Sen. Fairclough(R-E. Anchorage): Many people stood up on the floor tonight, in a courageous move for Alaska’s future, not taking benefits today, in turn for delivering services tomorrow for our kids, is why I pushed the green button.”
Senator Anna Fairclough, following last night’s passage of Governor Sean Parnell’s oil tax reform legislation, SB 21 following a lengthily floor session.
The bill, as we’ve reported, includes a 35 and 5 plan which includes a 35% base tax with a $5 per barrel deduction.
Senator Cathy Giessel, chair of the Senate Resource committee called Senate bill 21, innovative legislation….
Sen. Giessel(R-S. Anchorage): “In covering all of those aspects that Alaska needs, we need new production, and that’s exactly what we addressed with the Gross Revenue Exclusion. That 20% is only earned when the oil is produced; it’s not like the capital credits that we’re giving right now where we could, next year, spend $1billion in capital credits. And as we look at where those capital credits go, it looks like about 50% of that billion dollars goes to companies that are not producing oil right not. They do not have a tax liability, that’s not where we want to be putting our money. We want to incentivize new oil, and you can only get the Gross Revenue Exclusion, the GRE, on oil that is produced.”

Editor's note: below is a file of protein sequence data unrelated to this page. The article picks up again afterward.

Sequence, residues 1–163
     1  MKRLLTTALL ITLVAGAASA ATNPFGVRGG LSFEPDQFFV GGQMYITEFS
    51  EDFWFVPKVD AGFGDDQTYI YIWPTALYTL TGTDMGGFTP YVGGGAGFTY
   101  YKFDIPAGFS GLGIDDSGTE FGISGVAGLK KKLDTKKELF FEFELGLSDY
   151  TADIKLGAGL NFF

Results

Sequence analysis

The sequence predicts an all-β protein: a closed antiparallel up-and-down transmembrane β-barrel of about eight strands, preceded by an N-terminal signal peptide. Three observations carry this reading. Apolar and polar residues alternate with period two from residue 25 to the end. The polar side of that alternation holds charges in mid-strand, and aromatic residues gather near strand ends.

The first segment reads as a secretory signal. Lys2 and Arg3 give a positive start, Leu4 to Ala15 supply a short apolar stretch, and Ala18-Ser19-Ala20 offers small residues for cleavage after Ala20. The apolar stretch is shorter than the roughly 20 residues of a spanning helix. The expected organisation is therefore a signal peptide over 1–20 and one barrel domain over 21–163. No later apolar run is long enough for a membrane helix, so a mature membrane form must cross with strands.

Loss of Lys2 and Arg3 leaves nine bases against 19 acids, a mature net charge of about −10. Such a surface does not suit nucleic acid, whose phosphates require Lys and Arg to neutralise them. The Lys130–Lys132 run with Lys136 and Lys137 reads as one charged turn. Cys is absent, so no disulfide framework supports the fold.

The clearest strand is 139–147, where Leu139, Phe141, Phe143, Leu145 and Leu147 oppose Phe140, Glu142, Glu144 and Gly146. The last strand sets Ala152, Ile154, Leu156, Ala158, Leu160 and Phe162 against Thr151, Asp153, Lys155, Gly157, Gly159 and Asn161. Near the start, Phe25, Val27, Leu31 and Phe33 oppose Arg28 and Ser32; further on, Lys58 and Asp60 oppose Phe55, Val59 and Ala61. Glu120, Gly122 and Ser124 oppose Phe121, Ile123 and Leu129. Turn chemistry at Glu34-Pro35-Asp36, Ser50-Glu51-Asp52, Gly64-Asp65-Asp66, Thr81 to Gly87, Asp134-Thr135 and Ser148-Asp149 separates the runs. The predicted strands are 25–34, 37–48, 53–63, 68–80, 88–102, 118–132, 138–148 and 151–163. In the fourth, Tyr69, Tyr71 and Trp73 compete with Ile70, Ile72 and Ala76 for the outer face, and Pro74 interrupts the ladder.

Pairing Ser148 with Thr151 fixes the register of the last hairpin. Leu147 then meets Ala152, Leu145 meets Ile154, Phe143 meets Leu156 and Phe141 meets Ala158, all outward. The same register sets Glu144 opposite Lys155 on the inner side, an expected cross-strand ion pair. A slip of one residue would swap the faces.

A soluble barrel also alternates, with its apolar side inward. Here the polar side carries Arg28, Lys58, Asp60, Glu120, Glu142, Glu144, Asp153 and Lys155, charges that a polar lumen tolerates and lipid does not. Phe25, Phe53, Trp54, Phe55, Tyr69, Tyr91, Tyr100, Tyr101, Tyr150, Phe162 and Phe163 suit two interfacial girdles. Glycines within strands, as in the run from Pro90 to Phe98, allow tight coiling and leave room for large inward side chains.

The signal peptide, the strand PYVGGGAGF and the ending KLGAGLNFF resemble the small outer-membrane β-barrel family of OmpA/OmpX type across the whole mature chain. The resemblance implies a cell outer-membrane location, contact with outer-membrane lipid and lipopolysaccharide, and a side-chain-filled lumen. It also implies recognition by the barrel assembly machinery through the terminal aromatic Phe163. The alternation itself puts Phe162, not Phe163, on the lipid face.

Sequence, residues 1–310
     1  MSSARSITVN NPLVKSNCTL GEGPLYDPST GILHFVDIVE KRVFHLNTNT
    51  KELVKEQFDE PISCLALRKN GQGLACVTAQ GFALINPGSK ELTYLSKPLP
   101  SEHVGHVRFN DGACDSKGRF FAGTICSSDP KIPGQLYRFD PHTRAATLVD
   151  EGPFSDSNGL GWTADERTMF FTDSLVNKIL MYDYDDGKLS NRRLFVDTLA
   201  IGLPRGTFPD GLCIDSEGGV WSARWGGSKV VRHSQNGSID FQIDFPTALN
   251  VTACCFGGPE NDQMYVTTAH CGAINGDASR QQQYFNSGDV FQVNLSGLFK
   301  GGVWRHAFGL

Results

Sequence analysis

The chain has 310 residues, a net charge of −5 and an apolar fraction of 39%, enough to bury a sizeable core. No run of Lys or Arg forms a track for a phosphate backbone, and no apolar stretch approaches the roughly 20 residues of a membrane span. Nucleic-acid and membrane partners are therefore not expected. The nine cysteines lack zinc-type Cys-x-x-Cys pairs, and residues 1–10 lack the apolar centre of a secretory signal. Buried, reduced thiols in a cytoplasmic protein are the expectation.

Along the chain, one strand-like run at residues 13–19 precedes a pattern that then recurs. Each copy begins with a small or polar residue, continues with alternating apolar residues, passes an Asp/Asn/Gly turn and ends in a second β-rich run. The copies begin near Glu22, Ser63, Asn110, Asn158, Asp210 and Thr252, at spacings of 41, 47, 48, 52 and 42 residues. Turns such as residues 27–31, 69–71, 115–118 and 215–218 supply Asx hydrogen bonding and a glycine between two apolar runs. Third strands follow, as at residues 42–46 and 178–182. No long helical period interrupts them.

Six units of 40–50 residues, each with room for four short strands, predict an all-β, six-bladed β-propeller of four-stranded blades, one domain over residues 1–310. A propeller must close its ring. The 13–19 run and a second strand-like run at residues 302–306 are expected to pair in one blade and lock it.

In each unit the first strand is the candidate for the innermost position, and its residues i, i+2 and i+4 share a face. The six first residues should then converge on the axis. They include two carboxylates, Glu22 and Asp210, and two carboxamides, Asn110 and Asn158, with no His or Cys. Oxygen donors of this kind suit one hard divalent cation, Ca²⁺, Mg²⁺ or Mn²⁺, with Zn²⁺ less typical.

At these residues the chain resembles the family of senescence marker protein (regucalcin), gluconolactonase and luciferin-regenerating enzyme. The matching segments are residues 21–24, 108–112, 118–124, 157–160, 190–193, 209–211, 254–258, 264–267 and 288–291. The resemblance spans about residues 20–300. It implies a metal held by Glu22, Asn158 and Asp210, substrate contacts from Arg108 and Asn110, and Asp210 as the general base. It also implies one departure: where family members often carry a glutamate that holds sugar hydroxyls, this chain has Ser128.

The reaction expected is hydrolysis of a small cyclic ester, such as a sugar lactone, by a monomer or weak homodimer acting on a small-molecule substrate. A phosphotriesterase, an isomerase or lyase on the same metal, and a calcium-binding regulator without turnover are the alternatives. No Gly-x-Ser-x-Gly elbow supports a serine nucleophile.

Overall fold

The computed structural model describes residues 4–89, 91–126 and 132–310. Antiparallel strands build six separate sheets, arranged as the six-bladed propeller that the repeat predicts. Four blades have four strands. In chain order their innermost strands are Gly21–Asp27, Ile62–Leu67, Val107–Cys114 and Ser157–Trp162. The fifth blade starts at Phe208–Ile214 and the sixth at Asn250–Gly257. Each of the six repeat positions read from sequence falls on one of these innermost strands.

Senator Peter Micciche noted that the senate spent hundreds of hours to determine the right line of competitiveness with this oil tax reform…
Sen. Micciche(R-Soldotna): “If you think about that, the most damaging aspects of ACES passed on the floor with no evaluation. We ended up with a very punitive level of progressivity on the floor without evaluation as we’ve paid for that for years. How’ve we paid for it? 2005, when the rest of the world started a party on increasing their production, our direct competitors, the great American energy reset, we weren’t invited to that party. That was before unconventional oil.
SB 21 passed on an 11-9 margin.